Management chapter 11-13 vocabulary

organizational structure
the formal arrangement of jobs in the organization
organizational design
a process involving decisions about such things as work or job specialization, departmentalization, chain of command, span of control, and centralization or decentralization
authority
the right to direct others and give orders
parity principle
the concept that individuals who are given responsibility for a function must be given enough authority to carry out that function
span of management
the scope of supervision or the number to a particular manager.
traditional authority
authority that arises from subordinates’ belief in social order
formal authority theory
the belief that authority originates at the top of an organization and is delegated downward from superiors to subordinates
authority acceptance theory
the belief that a leader’s authority originates at the bottom of the organizational pyramid and is determined by his subordinates’ willingness to comply with it
line authority
formal authority granted by an organization to a supervisor
staff authority
authority resides in those with certain expertise who counsel or assist those with line authority. People who work with accounting department, for example, may have staff authority and advise the department managers on financial matters.
functional authority
authority given to individuals with expertise in specialized areas and limited to particular situations.
hospitalist
a physician who is employed by a hospital.
charismatic authority
authority that stems from the compelling personal characteristics and charisma of a leader
power
the ability to influence others or act in a certain way
coercive power
power based on fear
reward power
power based on the ability to distribute something of value
referent power
power based on the personal attraction of an individual or the desire of other people to be like that person
extender role
the role of an employee who takes on tasks or projects for a manager who cannot do all the work himself
staff personnel
employees who specialize in specific duties or areas of expertise, but who generally do not make important decisions that affect the organization
line personnel
employees with direct responsibility to ensure goals are achieved through their subordinates. Line personnel may be advised by staff personnel, but line personnel make the decision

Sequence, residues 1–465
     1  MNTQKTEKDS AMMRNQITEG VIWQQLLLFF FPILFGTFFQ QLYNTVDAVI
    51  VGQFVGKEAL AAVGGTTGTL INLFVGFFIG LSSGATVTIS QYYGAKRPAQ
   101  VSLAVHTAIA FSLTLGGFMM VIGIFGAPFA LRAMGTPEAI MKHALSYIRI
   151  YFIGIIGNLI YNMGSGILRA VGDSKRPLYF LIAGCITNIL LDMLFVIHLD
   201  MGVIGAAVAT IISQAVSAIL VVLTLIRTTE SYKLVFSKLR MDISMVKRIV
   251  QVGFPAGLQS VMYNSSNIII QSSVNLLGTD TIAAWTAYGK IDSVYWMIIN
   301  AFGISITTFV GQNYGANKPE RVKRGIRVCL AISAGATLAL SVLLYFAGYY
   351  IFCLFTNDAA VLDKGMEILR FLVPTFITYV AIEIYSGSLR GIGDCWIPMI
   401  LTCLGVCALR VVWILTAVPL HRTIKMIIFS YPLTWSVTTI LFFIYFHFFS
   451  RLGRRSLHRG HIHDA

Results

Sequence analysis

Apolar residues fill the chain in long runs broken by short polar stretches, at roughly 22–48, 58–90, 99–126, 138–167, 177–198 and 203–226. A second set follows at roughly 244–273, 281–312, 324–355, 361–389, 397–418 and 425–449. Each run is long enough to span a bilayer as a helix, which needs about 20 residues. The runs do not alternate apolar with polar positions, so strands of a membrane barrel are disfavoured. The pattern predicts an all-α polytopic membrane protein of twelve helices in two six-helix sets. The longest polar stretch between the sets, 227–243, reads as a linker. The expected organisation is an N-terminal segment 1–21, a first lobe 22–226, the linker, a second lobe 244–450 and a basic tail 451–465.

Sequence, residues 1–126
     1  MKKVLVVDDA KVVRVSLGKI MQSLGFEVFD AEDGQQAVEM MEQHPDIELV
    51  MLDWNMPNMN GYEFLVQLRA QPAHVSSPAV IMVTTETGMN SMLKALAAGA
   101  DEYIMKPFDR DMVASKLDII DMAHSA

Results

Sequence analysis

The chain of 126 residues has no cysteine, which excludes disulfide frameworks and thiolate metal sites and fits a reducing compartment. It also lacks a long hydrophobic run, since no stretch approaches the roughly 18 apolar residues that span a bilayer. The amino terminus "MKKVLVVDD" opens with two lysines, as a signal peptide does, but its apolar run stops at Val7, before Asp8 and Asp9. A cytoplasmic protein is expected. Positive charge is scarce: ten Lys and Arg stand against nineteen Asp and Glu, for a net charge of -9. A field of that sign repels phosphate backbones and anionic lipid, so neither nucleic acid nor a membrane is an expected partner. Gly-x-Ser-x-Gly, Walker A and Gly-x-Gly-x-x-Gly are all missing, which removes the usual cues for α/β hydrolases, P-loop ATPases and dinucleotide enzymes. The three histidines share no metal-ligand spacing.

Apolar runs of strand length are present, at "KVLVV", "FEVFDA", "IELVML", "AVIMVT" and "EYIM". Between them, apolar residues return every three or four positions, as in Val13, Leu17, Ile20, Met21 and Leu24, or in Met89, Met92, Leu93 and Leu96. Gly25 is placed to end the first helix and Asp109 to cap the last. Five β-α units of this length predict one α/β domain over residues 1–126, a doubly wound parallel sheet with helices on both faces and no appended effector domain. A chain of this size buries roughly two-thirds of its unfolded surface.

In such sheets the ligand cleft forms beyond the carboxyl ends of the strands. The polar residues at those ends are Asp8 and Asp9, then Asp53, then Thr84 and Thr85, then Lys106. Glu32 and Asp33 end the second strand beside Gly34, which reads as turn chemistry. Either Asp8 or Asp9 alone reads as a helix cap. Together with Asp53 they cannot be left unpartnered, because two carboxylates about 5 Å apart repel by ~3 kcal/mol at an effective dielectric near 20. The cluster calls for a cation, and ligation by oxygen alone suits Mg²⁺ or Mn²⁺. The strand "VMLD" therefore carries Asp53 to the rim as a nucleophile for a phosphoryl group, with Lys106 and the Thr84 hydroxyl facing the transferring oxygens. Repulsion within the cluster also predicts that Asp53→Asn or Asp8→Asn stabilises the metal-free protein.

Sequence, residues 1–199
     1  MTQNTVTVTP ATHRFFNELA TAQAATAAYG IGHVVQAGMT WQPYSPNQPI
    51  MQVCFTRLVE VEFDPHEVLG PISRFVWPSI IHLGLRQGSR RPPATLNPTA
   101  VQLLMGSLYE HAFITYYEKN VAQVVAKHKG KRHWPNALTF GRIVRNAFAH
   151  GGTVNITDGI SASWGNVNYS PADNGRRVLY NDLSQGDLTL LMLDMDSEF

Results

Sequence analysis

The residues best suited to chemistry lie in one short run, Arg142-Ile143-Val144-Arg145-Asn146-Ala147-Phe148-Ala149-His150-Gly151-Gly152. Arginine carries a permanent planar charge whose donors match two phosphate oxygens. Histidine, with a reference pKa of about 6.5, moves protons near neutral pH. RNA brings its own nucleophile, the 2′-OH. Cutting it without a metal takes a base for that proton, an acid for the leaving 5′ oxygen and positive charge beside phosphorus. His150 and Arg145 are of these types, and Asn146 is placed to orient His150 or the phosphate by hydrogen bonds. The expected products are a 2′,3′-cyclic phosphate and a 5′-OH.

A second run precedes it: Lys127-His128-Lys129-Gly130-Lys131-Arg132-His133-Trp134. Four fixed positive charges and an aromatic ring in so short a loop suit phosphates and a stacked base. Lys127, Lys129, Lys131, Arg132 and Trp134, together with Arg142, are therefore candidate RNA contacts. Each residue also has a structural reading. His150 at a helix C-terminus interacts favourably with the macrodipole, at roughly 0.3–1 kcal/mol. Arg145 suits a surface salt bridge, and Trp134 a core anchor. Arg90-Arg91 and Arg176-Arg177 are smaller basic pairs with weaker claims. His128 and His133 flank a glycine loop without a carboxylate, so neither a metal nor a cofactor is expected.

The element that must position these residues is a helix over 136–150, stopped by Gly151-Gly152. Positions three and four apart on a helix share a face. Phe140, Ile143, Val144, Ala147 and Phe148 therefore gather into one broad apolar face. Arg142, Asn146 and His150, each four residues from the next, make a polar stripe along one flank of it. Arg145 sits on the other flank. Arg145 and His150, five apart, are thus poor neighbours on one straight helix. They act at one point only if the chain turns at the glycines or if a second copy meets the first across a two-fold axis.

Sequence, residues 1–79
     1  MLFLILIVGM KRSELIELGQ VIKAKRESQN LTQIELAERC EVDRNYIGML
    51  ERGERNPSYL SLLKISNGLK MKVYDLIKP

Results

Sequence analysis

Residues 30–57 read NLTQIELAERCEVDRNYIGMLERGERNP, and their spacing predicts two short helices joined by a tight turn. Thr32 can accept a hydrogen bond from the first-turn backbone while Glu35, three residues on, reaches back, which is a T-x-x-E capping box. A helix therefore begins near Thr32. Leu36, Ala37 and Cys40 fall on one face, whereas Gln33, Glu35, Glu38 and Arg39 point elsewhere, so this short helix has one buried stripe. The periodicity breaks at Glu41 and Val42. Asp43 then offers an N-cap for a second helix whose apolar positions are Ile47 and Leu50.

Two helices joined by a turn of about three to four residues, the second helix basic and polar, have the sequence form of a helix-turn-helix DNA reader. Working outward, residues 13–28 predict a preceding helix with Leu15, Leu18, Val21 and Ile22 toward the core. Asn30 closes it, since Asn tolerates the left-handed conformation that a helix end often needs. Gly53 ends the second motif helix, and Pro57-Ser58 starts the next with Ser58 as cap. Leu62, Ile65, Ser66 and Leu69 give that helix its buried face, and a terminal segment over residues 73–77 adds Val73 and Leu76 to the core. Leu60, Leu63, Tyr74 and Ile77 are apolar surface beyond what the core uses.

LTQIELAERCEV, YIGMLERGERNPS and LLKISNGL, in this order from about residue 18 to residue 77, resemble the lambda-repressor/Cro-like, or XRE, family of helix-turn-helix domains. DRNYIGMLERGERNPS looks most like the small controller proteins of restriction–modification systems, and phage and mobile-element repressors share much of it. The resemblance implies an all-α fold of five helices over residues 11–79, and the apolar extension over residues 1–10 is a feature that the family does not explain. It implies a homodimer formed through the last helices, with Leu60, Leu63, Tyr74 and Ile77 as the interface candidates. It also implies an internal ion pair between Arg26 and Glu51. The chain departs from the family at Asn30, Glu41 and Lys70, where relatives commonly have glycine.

line organization
the organization structure built on a straight chain of command from the top of an organization to the bottom
unity of command
the principle that states that each employee has a single immediate supervisor, who in turn is responsible to her immediate superior, and so on along the chain of command
span management
the number of individuals a manager supervises. also, called span of control.
chapter 12
job specialization
breaking down a task into smaller parts and having each part or step of the task performed by a different individual
departmentalization
the process of grouping various activities into natural units by logical arrangements
center of excellence
a department such as cardiology or oncology chosen by healthcare organization to recieve special attention and resources. Centers of excellence are sometimes called “institutes”
traditional structure
the most common form of organizational design, in which hierarchical relationships develop vertically and each employee reports to the one supervisor
matrix organization
an organization structure that adds cross-departmental connections to a traditional vertical organization. These connections may unite departments for special projects or products or services that span several geographic areas. In a matrix organization, employees often report to more than one superior
role theory
the concept that when employees receive inconsistent expectations and little information, they experience role conflict,, which leads to stress, dissatisfaction, and ineffective performance
mechanic organization
an organization whose structure is characterized by high specialization, extensive departmentalization, narrow spans of control, many rigid rules and regulations, a limited information network, and authority vested in a few higher-level executives
organic structure
an organizational structure in which jobs tend to be general; few rules and regulations exist; communication is vertical, diagonal and horizontal; and the organization is highly adaptive and flexible and encourages decentralized decision making by the employees
vertical chart
an organizational chart that shows the different levels of the organization in a step arrangement in the form of a pyramid.
horizontal chart
an organizational chart that reads from left to right, stressing functional relationships more than hierarchical levels
circular chart
an organizational chart that depicts the various levels in concentric circles rotating around the top-level administrator who is at the hub of the wheel
inverted pyramid chart
an organizational chart featuring the chief administrator on the bottom and others farther up. This chart expresses the idea that the superiors support those who report to them
delegation of authority
the act of a superior granting authority on some level to a subordinate
scalar chain
the line of vertical authority relationships from superior to subordinate. also, called chain of command
grooming
the process of preparing another individual to take on more authority and responsibility
exception principle
the principle that some decisions faced by an individual are beyond his scope of authority and must be referred to his superior
general supervision
supervision that provides orders in broad terms, with the expectation that the employees will decide how to reach those goals